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Historical Memory and Its Influence on Relations between Tokyo and Taipei under President Ma Ying-jeou (2008-2016)

https://doi.org/10.24412/2658-6444-2021-1-59-80

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Abstract

Taiwan, a former colony of Japan (1895-1945), for a number of different factors still remains the only region in the world that does not place emphasis on the negative sides of a rather long period of Japanese colonial rule. Problems of the historical past do not directly affect the development of traditionally close relations between Japan and Taiwan, but they play an important role in forming the “Taiwanese identity” and are closely related to the current issues of the foreign and domestic policies of the Republic of China. The ongoing feud between Mainland China and Taiwan, coupled with the current international political situation, also has an effect on the assessment by the Taiwanese of their colonial past and the policies of the Japanese Empire in the first half of the 20th century, and the perception of contemporary Japan in Taiwan. The article discusses the approaches of Taiwanese authorities to problems of the historical past under President Ma Ying-jeou (2008-2016) - a period when the Kuomintang built up equally good relations with Japan and China on the basis of the new conception of “Taiwanese identity”. Making efforts to reconcile the pro-unification and pro-independence parties, the president tried to form in Taiwanese society a balanced approach to the understanding of the Japanese and Chinese periods of Taiwan’s history, as well as the role of Japan in the development of the modern Republic of China. Calling himself “the best friend of Japan”, Ma Ying-jeou continued to strengthen ties between Tokyo and Taipei, and at the same time took a hard-line stance on the territorial dispute with Japan - the issue of sovereignty over the Diaoyudao (釣魚島)/Senkaku islands (or Diaoyutai islands 釣魚臺 as they are called in Taiwan), which appeared again on the agenda of Japan-Taiwan relations. However, the issues of the historical past during the Ma Ying-jeou era did not hamper the development of cooperation between Tokyo and Taipei, and, in 2008-2016, the image of Japan in Taiwan remained constantly positive.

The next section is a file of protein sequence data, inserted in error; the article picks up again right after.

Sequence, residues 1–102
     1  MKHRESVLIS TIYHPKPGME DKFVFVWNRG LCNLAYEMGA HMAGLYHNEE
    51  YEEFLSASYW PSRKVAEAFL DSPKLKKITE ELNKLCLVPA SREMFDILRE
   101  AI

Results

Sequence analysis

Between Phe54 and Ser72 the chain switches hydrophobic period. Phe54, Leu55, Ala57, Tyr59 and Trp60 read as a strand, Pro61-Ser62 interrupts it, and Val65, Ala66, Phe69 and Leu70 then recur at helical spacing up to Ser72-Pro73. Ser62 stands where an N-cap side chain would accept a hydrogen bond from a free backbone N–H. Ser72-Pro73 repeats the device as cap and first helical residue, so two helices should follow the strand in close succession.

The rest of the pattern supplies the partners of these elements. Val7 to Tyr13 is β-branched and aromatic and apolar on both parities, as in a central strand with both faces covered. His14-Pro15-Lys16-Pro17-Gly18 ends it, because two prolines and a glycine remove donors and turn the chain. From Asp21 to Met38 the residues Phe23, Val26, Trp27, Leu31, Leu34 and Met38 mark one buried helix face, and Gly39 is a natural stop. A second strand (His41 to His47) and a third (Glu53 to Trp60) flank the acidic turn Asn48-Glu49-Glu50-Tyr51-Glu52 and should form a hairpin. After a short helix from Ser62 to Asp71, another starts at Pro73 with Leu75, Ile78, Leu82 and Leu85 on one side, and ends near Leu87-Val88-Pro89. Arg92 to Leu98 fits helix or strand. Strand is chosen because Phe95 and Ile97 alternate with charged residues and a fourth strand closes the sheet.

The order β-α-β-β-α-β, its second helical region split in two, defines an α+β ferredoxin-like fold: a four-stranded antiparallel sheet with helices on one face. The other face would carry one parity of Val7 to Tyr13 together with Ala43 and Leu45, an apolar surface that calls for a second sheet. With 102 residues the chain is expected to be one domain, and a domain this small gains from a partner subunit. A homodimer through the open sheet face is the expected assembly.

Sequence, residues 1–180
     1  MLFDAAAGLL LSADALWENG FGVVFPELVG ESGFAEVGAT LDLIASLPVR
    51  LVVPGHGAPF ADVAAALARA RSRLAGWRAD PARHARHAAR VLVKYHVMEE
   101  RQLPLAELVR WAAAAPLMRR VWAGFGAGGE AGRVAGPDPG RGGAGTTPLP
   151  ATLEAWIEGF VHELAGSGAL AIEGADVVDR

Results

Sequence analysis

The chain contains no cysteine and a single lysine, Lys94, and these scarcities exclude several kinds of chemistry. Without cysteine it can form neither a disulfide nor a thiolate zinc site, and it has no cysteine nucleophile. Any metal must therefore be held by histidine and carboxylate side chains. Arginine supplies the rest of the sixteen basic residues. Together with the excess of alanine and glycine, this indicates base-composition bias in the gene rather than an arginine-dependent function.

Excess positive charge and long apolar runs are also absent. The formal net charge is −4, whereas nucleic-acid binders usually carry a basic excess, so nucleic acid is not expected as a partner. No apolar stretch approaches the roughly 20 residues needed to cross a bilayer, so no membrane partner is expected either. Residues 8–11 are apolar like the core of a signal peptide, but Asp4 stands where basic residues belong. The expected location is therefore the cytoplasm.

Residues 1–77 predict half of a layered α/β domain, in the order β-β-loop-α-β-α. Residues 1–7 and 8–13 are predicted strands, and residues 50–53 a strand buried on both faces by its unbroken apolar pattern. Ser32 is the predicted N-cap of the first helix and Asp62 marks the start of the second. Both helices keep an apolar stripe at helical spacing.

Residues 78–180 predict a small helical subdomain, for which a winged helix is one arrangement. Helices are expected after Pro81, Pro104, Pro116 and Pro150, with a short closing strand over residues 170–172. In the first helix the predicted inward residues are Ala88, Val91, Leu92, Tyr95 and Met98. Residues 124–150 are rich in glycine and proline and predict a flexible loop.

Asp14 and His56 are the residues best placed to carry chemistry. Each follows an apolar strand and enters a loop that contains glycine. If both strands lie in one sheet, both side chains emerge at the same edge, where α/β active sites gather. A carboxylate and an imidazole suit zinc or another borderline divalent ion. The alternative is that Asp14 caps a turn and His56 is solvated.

About the Author

V. A. Perminova
Institute of Oriental Studies of RAS; Financial University under the Government of the Russian Federation
Russian Federation


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Review

For citations:


Perminova V.A. Historical Memory and Its Influence on Relations between Tokyo and Taipei under President Ma Ying-jeou (2008-2016). Russian Japanology Review. 2021;4(1):59-80. (In Russ.) https://doi.org/10.24412/2658-6444-2021-1-59-80

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